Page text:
United against Android and iOS
Surely the biggest topic of discussion at the Microsoft/Adobe meeting, however, was mobile. Microsoft has trailed behind its competitors in the mobile OS space, including iOS, Android, BlackBerry, and waning global leader Symbian. According to recent IDC estimates, Windows Mobile claims just 6.8 percent of the global smartphone market, and it's expected to remain in last place at least through 2014. Similarly, Apple's staunch refusal to allow Flash on iOS spells bad news for Adobe, particularly if Apple continues to gain share in the smartphone and tablet markets.
But if customers do want Flash content on their mobile devices, now is the chance for both companies to strike while the iron is hot. The ability to run Flash could be a strong differentiator for Windows Phone 7, which Microsoft launched at an event earlier this week. It could also save Adobe from slipping into irrelevance as mobile devices increasingly take over functions from desktop browsers.
To succeed at this, however, the two companies would first have to get Flash to perform well on a mobile device. Apple CEO Steve Jobs says Adobe's past attempts have been consistently lackluster, and early reviews of Flash running on Android handsets have been disappointing.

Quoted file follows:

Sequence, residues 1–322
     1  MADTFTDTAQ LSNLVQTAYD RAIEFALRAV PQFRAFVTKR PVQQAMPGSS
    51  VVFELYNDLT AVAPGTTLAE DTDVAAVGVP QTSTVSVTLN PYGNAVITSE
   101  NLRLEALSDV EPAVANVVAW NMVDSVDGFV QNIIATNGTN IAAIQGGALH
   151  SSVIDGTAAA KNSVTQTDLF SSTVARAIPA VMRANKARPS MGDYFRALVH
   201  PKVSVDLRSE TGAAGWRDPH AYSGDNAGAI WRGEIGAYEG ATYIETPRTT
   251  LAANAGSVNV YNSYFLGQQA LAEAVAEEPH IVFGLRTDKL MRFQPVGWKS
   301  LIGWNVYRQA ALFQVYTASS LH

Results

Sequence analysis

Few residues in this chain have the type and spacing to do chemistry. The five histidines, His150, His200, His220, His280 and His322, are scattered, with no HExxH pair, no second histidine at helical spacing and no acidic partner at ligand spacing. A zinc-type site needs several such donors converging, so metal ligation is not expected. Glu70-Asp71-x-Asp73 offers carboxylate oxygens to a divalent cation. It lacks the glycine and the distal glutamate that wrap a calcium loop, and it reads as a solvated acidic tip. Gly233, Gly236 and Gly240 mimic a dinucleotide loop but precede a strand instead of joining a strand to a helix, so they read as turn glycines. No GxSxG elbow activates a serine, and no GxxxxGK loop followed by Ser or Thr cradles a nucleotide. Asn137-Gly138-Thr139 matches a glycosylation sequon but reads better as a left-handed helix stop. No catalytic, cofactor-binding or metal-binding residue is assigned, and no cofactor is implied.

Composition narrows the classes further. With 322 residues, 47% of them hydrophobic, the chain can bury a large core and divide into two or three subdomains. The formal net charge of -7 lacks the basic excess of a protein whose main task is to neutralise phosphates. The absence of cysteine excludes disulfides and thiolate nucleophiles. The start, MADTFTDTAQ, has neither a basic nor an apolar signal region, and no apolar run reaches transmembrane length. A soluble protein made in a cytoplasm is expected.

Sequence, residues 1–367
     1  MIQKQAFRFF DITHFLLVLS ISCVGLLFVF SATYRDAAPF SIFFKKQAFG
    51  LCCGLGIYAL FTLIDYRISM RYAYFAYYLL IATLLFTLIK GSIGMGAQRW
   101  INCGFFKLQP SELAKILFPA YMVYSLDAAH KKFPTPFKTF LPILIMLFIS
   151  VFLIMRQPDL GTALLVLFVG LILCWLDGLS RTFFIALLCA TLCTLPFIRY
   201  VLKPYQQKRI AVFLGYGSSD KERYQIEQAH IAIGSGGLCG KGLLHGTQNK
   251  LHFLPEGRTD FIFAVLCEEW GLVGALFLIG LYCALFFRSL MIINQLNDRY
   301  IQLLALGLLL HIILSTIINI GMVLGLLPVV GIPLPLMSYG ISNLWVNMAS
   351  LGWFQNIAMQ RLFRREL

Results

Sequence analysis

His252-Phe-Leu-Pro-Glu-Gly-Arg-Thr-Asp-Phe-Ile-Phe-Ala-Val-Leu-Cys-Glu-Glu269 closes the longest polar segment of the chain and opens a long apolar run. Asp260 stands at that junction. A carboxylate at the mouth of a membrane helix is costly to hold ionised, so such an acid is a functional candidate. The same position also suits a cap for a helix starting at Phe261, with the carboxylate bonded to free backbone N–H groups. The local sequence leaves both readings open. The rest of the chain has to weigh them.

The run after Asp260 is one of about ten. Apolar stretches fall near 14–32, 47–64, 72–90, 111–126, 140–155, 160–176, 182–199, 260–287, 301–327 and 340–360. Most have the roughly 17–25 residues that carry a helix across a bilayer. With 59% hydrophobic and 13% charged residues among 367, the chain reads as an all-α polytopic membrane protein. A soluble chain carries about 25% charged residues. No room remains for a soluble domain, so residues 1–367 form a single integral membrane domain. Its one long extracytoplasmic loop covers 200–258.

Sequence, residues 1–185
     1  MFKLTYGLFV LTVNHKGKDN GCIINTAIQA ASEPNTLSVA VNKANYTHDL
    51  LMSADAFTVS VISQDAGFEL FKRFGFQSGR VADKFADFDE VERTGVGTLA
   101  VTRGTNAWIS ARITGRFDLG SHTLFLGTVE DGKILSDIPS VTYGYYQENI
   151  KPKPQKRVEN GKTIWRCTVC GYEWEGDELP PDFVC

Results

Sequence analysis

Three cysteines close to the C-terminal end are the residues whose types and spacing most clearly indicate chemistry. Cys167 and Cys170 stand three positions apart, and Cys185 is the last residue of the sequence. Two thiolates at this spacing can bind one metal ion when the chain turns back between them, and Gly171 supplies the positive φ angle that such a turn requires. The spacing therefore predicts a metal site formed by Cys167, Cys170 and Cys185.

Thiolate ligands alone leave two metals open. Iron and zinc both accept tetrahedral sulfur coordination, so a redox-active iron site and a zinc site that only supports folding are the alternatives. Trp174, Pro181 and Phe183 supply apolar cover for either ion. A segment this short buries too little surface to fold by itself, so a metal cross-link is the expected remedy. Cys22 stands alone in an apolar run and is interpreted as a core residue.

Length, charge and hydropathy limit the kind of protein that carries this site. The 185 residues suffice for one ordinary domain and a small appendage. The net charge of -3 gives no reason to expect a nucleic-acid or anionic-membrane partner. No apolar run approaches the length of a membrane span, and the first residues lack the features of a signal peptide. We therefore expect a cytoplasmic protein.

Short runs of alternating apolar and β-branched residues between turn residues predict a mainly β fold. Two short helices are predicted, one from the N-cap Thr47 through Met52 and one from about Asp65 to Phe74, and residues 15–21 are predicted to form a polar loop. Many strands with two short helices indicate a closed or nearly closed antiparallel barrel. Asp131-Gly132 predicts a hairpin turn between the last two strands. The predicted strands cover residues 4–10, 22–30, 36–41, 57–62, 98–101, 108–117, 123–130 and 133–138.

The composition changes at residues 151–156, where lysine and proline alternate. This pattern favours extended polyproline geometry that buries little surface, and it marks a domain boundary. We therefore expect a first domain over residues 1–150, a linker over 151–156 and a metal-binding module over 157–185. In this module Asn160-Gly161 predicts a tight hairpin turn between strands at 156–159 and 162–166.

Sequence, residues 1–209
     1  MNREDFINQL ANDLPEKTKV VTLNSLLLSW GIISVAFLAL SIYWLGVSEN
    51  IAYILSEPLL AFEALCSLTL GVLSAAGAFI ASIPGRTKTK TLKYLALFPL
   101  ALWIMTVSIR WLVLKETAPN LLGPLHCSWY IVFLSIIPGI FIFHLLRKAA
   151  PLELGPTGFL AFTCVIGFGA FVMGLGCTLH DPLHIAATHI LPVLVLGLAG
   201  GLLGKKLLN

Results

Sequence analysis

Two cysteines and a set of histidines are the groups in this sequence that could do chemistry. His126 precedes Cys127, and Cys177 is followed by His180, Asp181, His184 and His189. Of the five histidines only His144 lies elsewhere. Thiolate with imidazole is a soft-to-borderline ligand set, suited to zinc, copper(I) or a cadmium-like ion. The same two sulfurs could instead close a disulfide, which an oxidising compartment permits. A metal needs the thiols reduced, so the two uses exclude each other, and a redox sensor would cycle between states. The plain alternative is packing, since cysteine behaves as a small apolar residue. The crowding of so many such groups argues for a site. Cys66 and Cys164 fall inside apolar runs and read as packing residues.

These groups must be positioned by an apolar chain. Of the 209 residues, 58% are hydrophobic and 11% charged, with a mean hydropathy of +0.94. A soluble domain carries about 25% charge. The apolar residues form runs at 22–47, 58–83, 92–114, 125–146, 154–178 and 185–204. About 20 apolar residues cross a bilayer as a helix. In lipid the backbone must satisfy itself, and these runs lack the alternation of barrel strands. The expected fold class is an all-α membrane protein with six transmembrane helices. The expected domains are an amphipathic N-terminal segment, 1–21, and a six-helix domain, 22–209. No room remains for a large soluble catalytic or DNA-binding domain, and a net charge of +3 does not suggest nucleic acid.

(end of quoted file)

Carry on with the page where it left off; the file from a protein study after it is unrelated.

Still, the possibility of a close relationship between Adobe and Microsoft is definitely intriguing. Whether that relationship takes the form of a merger, a partnership, or some other collaboration, one thing is for sure: The battle lines for the next phase of Web and mobile development are being drawn, and the competition is about to get a lot more interesting.
This article, "Adobe and Microsoft vs. Google and Apple?," originally appeared at InfoWorld.com. Read more of Neil McAllister's Fatal Exception blog and follow the latest news in programming at InfoWorld.com.
This story, "Adobe and Microsoft vs. Google and Apple?" was originally published by InfoWorld.